In-Depth Blog Post #5

Where am I now?

I am halfway finished the “demo” of the game. For the demo that I am planning to release, only 2 chapters of the game will be playable, with a sneak peek into the 3rd chapter. At the end of the 2nd chapter, there will be a time-skip 13 years later in the future, where the rest of the game will take place. I am currently developing the battle portion of the game, similar to the last blog post. In terms of increase of code lines, I have not added many lines to the program from last week.

As of the time of writing this blog post, I have 1295 lines of code, meaning I have only added 58 lines of code to my game. However, these lines have been added into the battle function of the game, meaning they will be reused later in the game. I will talk more about functions in my Beautiful Mind segment of the blog post.

How did I meet with my mentor? What happened?

Alike the previous blog posts, I had met with my mentor over the weekend. I had again shown him my program and how far I’ve made it, and I have also told him about my change of plans for the entire project. He seemed a bit disappointed in the news, but also understanding, and was happy that I promised to keep working on it as a passion project myself. After playing through the game as I had done it at the time, he had said that there was no issue or any detail that he could point out that would change the course of the game. He was, however, very interested in the battle sequence that I had designed. Below, you can see a small snippet of the battle sequence of the game:

Here, the program prints the enemy’s health, as well as the user’s. Then, it asks what the user would like to do, with 3 options: Attack, defend, and to check their bag. In this snippet, I chose to check my bag, and in my bag are some items that were given to me by my supposed “mother” in the game. However, I asked my mentor a question about me reusing the battle sequence later in the game, which I will cover more in the Beautiful Mind segment of the blog post.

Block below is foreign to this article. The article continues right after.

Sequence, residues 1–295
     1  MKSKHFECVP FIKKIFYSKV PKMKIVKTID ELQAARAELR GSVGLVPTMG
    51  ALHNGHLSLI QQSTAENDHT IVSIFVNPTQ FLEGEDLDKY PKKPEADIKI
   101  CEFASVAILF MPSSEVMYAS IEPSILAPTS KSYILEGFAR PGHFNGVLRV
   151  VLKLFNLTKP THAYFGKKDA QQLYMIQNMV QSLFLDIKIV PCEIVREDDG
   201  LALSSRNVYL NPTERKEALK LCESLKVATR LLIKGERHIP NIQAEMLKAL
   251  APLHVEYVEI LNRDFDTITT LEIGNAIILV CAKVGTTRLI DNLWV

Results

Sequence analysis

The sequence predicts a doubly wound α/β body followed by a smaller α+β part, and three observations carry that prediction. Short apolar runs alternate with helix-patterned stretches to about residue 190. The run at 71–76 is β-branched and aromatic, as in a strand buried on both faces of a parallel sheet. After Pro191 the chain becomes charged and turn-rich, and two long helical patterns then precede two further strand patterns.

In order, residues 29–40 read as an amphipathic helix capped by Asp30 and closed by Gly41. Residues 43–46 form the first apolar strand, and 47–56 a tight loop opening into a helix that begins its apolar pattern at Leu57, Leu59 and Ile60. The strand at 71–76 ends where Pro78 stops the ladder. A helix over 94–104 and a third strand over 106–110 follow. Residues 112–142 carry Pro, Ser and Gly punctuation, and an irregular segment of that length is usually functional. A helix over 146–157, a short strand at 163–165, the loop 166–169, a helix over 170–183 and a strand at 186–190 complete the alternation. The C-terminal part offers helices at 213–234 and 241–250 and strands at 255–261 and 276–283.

Proof that I am making progress?

Find the screenshot below to see a few lines of code, as well as the total amount of lines in my program on the bottom right.

What are some issues that I’m running into?

I’m not running into many technical nor mental issues with the development of my game, so I am feeling very confident about my ability to deliver a polished product by the end of my timeline.

What sources am I using for my education?

My sources have remained the same: Programiz, w3schools, Real Python, DataCamp, and YouTube (I will mention that I’m starting to leave w3schools as a source of info). While it may seem as if I am not using many sources for my education, and you wouldn’t be far in assuming that, these sources are actually all the sources I need as there is a lot of information on computer programming online, especially for the language I am currently working with, Python. Python is one of the more popular language, and since it is so beginner friendly, there are many sites with useful information about the language on the internet, but I’ve settled with these since I find that these websites contain all the information I need.

Beautiful Mind: The Six Hats

As I have mentioned before in this blog post, my meeting with my mentor has remained much the same as my previous meetings, apart from the moment where I asked a question about the battle sequence of my video game. In my game, I would like for there to be moments where someone talks during a battle, or a battle ends early because a character should not die at that moment. If I wanted to alter the form of a battle, what should I do?